Wouldn’t it be nice if you could add any block you want to your paragraphs?
In years past, layout for Drupal has been in the hands of front-end developers, but over time various modules were developed that provided site-builders the ability to adjust the layout. An improvement yes, but there still wasn’t a clear cut option that empowered content editors to alter the layout during the editorial process.
Look out! Here comes the Paragraphs Module. This module has been taking the Drupal community over by storm because it allows content editors to add pre-designed components which gives each page the option to have different layouts. One of the limitations of the Paragraphs module, is that each paragraph can only be used once, and only for the current node you are editing. This means that you can’t re-use a common paragraph such as a call to action block, email signup or contact us form, so you end up finding yourself duplicating a lot of work if you want the same block on numerous pages. While the Drupal community has been working to help solve this problem by allowing the re-use of paragraphs, there are still going to be plenty of situations where you want to insert custom blocks, views, or system blocks such as the site logo or login block.
How do you allow your site editors to add re-used blocks into their content during the editorial process?
Let me introduce you to the Block Field Module. Maintained by the one and only Jacob Rockowitz (you know the webform guy ), you can be assured that the code follows best practices and that there will be support. The block field module allows you to reference any block regardless of where it is coming from and the best part, you don’t have to create some hidden region in your theme in order for the blocks to be rendered.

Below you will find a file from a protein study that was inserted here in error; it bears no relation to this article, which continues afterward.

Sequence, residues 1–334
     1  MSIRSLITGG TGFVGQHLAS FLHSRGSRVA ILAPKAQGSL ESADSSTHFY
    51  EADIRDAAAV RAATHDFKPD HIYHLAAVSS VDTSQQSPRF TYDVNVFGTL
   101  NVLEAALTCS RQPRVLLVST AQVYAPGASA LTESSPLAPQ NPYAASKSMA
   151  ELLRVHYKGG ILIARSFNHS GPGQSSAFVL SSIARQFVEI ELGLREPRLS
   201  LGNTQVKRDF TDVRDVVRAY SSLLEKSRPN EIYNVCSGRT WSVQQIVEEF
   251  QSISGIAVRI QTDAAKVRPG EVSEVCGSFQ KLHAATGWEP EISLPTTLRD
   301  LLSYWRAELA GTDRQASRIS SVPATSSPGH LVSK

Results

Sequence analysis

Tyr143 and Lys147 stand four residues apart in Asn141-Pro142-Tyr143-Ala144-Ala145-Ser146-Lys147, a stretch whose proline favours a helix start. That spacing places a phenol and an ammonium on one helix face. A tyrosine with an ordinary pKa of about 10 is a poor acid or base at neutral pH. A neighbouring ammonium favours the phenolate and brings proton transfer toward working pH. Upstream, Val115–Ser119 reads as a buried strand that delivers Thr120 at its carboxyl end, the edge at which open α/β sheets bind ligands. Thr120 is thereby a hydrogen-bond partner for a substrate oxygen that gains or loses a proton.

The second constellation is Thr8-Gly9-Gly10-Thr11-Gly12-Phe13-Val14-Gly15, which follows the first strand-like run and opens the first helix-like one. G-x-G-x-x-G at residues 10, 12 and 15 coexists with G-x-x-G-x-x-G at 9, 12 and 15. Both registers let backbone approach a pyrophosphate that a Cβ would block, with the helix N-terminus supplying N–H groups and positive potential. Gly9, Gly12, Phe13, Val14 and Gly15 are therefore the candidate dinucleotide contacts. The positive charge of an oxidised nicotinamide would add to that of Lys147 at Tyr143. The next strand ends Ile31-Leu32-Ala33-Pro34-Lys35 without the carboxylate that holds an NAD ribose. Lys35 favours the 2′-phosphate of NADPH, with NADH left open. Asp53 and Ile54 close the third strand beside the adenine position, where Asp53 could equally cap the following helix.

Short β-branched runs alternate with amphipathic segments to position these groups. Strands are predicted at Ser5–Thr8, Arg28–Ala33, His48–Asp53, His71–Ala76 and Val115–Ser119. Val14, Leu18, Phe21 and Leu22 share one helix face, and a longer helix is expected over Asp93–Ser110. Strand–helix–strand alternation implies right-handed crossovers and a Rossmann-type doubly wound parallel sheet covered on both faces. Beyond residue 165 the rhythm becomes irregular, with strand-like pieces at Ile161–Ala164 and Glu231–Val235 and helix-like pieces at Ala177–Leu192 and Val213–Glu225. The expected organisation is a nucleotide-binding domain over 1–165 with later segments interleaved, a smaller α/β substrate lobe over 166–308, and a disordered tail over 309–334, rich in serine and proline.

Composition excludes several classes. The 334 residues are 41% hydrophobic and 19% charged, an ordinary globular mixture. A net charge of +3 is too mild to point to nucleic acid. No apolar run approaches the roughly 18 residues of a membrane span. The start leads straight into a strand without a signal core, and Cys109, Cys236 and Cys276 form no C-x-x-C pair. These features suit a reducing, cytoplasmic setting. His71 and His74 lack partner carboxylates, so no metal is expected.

There are plenty of awesome articles out there that explains how to use paragraphs so I won’t get into that. To follow along with my steps be sure to have downloaded and enabled both the Paragraphs and the Block Field modules.
Steps to Add Blocks to Paragraphs
- Download and Enable the Paragraphs and Block Field modules.
- Create a paragraph type called Block Reference (or whatever name you want)
- Add a new field, by selecting the Block (plugin) field type from the dropdown and save it.
- Go to manage display and make the label hidden.
I always forget this step and then I scratch my head when I see the Block Ref field label above my views title.
- Now go to back to your content type that has the paragraph reference field and ensure the Block Reference paragraph type is correctly enabled.
The content type with the paragraph reference field was not covered in this tutorial.
- When adding or editing your content with a paragraph reference field. Add the Block Reference paragraph type. Select the name of the block that you would like to reference from the dropdown hit save on the content and watch the magic happen.
In conclusion, it does feel a little scary giving content editors this much freedom so it will be imperative that all views and custom blocks have descriptive names so that editors can clearly identify what blocks to reference. Overall I feel like this is a good solution for referencing existing blocks that can save a lot of time and really unleashes the power of the paragraphs module. The Drupal community continues to amaze me!
If you are interested in contributing blog post or want to get more involved with the Atlanta Drupal Users Group (ADUG) please feel free to reach out firstname.lastname@example.org